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Short sellers paying up as Snap hype fades
09 March 2017
Short sellers being charged anywhere between 15-25% in order to borrow shares
Traders betting against Snap are willing to pay up to go
short on shares according to data from IHS Markit.
Short sellers are being charged in the region of 15-25% to
borrow shares in the owner of the Snapchat messaging app.
It follows sharp falls for the stock during
Tuesday’s trading session following a $3.4 billion
public listing last week.
"Early indications from the stock borrow market indicate
that short sellers are willing to pay what would be considered
extortionate fees in order get a hold of Snap Inc shares to
short,’ said IHS Markit analyst Simon Colvin.
"Few things inspire short sellers more than a social media
IPO owing to their tempting combination of sky high valuations
and early trading "pops" from investors rushing to grab a piece
of these highly publicized deals.
"Both these events have been seen in recent
Snap’s IPO which has resulted in short sellers
being charged anywhere between 15-25% in order to borrow
IHS Markit’s figures are based on the initial
$155 million worth of trades that settled on Tuesday, the first
day Snap shares became available in the securities lending
Despite the early nature of trading, inventory levels are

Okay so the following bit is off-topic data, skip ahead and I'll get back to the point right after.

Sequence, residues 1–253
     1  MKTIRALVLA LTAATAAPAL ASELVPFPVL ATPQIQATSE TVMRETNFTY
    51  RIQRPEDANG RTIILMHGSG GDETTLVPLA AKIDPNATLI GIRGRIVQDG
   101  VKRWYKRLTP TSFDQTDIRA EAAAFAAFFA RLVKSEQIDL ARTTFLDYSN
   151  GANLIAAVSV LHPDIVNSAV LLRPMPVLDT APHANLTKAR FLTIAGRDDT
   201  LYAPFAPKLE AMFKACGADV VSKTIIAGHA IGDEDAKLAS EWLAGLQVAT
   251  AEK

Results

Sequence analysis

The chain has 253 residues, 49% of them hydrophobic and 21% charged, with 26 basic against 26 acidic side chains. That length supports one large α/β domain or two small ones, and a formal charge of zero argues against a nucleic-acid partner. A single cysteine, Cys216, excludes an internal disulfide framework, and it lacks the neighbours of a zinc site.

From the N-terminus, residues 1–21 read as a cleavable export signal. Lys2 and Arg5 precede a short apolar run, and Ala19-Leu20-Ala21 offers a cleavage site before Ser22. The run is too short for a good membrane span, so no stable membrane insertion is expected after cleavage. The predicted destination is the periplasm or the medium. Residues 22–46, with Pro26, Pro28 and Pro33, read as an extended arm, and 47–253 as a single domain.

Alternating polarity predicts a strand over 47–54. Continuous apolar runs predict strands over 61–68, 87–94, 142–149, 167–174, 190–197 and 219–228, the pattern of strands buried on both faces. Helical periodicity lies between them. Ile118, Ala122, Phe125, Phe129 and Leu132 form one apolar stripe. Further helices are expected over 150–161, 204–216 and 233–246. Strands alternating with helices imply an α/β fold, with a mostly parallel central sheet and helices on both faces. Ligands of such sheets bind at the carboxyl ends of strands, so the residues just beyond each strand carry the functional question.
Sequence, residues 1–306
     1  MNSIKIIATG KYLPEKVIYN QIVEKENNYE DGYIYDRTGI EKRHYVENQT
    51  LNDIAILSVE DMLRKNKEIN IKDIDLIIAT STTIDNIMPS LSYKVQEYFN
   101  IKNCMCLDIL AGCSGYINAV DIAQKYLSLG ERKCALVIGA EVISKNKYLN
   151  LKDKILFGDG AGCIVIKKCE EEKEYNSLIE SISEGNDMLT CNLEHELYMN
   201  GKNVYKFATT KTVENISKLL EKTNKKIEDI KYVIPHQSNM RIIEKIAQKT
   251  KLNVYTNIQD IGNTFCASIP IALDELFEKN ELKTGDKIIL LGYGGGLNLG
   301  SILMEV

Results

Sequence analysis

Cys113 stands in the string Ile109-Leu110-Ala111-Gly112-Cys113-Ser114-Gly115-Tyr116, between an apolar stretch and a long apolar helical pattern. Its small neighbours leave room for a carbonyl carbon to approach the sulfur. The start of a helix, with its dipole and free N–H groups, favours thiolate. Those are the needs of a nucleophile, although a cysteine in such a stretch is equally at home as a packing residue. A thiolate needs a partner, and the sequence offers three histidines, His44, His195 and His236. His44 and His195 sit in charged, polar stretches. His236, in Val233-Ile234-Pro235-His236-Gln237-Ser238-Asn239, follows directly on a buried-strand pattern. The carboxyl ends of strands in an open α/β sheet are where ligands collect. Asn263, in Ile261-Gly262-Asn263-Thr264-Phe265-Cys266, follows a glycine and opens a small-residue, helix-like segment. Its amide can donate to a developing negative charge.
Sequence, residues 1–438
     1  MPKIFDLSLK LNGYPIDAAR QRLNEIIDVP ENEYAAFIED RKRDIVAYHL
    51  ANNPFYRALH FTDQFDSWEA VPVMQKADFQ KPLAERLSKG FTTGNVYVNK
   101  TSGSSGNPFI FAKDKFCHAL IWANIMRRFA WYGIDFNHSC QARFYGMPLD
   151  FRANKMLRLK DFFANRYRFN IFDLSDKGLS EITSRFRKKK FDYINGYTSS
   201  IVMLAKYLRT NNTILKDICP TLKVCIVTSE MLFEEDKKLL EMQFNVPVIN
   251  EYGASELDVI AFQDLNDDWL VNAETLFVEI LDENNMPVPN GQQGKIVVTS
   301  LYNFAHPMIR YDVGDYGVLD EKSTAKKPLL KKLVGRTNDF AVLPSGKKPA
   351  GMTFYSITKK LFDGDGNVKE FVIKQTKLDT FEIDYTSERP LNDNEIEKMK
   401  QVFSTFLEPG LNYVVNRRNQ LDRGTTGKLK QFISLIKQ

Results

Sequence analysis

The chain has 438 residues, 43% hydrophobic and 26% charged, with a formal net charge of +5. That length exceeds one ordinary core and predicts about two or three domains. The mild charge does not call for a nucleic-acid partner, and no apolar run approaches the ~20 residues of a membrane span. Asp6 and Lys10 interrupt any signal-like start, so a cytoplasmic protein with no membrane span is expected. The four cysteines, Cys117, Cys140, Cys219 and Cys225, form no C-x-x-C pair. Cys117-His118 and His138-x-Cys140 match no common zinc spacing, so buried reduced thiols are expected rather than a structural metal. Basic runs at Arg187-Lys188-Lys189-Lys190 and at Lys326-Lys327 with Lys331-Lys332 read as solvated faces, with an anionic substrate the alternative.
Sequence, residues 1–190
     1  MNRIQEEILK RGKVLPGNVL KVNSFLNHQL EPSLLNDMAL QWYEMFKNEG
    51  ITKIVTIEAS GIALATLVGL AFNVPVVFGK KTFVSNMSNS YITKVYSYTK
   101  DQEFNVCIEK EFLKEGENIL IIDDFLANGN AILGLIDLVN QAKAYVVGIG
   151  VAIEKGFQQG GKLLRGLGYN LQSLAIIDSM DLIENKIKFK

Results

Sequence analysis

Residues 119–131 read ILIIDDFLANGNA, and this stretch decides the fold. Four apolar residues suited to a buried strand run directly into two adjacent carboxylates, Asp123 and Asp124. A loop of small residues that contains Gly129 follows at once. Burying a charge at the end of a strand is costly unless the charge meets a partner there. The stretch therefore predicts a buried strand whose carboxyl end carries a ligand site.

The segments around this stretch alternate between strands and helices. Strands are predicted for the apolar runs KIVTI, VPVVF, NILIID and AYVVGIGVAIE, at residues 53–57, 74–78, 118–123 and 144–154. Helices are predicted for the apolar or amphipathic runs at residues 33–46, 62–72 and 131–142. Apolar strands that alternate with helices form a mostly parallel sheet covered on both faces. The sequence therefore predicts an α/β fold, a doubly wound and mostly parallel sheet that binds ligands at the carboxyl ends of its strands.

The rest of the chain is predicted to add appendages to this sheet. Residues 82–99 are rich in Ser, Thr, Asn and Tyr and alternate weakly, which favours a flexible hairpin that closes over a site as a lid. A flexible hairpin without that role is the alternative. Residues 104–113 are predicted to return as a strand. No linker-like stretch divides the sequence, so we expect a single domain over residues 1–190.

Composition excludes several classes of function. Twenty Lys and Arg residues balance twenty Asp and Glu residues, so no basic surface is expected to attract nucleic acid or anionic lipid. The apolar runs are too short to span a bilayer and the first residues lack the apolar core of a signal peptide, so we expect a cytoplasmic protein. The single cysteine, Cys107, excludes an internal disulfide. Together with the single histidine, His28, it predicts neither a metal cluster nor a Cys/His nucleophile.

starting to fill up as $430m of Snap shares have made their way
to lending programs in less than a week.
This represents 4.4% of Snap’s float. Colvin
adds that the supply is pretty evenly distributed as 14 lenders
now have Snap shares available to lend of which eight have made
loans in the opening day of trading.
Snap’s two closest competitors, Facebook and
Twitter, commanded fees of 45% and 19% respectively on their
securities lending trading debuts.
All three are still way off of the 105% that short sellers
were willing to pay to short Groupon shares immediately after
its trading debut which saw the firm’s shares
surge by over 80% on their debut.
"It’s impossible to foresee where Snap shares
will trade in the securities lending market going forward,"
"The borrow fee commanded by IPO shares tends to fall in the
days immediately following their securities lending trading
debut as more shares make their way to lending programs.
"In fact over half of recent social media IPOs see their
fees fall in the subsequent week."